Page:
I'm sure there are actors out there who shoot with big egos who are very busy or don't have to worry about the flow of customers because they are considered "great headshot photographers" and customers will keep coming and coming. There may be photographers who know nothing else.
Not so many, of course, but they are always improving, thanks in large part to the presence of fantastic modern cameras that do all the technology for you. Oftentimes, these "new age" photographers don't have all the skills to be a good head-up photographer – they just point and press and let the camera do all the work.
The bottom line is, as lead photographers, are we interested in what happens to our clients after they leave the studio? If we mind if the headshots we provide are really useful for their careers, if our headshots make it easy for them to get started, you'll help them through the selection process from the start to the audition stage. I think you should.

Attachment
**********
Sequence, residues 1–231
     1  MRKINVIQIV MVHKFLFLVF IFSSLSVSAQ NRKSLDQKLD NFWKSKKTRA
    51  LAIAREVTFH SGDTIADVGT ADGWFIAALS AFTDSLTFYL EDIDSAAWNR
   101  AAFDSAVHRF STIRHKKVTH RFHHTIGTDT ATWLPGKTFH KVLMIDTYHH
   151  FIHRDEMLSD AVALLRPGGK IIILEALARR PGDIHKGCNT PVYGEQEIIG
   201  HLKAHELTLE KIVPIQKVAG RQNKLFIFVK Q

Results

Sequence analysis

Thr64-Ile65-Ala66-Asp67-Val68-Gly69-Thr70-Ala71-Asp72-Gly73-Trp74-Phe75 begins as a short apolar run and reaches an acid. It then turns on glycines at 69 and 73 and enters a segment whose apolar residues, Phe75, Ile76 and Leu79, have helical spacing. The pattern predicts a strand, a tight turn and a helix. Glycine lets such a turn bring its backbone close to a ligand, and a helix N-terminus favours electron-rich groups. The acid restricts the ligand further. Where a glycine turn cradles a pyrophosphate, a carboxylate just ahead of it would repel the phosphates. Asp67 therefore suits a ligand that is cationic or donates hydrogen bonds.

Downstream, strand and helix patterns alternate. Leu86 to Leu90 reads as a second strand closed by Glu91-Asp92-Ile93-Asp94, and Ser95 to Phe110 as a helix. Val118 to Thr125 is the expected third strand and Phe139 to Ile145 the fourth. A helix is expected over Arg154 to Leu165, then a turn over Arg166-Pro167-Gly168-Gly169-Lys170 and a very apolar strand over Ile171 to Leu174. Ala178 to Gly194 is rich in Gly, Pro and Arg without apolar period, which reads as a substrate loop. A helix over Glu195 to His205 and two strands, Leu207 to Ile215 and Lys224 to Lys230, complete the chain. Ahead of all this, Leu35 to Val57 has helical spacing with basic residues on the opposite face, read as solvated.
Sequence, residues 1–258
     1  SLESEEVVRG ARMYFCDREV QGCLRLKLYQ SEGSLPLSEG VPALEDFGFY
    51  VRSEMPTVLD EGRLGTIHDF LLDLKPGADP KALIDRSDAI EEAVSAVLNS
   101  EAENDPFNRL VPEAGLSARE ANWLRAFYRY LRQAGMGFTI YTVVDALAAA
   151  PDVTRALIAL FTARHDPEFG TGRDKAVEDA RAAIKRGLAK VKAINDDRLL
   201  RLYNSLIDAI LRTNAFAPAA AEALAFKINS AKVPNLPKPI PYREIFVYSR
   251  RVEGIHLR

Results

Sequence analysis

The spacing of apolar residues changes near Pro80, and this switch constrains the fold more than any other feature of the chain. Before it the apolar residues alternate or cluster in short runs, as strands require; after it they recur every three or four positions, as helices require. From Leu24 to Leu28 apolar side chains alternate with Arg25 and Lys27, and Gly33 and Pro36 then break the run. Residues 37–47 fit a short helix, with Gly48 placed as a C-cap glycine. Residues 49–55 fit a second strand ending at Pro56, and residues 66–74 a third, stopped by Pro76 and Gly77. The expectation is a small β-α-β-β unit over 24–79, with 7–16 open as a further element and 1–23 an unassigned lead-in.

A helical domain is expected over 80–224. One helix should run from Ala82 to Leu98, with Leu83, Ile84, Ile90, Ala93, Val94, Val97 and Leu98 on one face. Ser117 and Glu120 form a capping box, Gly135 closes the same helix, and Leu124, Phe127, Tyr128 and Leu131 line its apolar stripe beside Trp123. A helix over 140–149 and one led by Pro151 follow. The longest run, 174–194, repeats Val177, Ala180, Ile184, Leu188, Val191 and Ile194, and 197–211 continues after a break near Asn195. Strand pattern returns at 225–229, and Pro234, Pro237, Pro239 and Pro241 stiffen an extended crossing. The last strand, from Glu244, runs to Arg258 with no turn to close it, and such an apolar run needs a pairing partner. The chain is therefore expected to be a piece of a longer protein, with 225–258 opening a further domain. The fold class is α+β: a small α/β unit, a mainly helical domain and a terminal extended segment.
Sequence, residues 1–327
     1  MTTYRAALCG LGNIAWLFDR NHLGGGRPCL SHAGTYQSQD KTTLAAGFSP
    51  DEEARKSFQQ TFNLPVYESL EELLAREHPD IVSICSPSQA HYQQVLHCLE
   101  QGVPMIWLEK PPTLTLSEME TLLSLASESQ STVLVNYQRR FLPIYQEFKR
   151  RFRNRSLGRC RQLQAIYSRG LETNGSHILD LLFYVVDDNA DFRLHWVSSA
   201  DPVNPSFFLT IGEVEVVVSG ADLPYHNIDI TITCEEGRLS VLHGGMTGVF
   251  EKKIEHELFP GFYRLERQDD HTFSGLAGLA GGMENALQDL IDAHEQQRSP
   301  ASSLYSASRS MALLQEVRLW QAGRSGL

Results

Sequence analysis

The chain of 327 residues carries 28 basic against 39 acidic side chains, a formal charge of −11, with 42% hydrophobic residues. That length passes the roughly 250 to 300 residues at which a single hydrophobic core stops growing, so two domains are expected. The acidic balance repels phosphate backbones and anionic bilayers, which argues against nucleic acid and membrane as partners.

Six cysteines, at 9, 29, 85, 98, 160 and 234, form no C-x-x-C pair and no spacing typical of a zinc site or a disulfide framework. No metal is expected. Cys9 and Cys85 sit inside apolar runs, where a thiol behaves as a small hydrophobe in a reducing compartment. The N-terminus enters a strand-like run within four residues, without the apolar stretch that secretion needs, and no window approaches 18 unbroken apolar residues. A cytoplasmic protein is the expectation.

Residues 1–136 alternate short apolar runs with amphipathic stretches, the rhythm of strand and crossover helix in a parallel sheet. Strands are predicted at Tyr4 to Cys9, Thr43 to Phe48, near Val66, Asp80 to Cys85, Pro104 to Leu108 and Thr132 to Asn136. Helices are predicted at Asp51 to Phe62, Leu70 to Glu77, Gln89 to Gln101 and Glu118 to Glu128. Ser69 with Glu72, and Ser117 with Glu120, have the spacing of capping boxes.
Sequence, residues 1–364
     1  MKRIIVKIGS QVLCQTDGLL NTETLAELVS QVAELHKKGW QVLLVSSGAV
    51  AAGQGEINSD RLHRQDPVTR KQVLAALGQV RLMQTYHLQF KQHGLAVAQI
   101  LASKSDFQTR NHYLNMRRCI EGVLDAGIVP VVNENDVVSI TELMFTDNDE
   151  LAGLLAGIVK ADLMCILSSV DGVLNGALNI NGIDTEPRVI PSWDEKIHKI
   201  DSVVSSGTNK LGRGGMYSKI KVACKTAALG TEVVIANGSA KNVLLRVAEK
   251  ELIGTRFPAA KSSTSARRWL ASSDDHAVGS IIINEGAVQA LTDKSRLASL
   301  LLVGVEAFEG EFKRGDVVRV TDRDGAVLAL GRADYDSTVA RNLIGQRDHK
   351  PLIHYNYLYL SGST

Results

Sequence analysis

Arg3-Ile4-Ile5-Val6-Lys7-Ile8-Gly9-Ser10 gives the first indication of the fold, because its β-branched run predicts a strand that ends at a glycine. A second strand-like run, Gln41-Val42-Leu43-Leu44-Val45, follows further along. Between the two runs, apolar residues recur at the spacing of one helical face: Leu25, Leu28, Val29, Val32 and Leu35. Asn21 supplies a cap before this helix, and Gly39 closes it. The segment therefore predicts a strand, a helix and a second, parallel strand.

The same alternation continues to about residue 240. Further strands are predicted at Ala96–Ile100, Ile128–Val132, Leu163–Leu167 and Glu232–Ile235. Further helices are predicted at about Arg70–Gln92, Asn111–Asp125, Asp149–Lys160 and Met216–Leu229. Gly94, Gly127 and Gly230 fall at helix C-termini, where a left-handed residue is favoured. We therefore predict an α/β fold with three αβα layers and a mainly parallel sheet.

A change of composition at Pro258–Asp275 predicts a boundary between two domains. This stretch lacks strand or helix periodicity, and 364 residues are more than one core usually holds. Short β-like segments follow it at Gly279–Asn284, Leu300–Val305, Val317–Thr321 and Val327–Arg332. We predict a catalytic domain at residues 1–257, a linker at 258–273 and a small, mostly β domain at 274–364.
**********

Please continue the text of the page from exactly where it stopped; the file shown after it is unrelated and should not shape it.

Headshots and auditions
Of course, once they come to the audition they have to show off their acting skills and in the end, the time they get depends on their listening skills, but for many clients, they won't even get close to that stage without a good chance to get on stage. head behind the casting director's supervision.
We should be concerned with purely professional duties, but more importantly, we need to be morally concerned about timing or not, whether we are the right photos for clients, advice and time working for them as actors. I don't like to think of one of my clients who is told all the time that "their shot in the head is rubbish" or "their shot didn't turn out well" or "it's not you."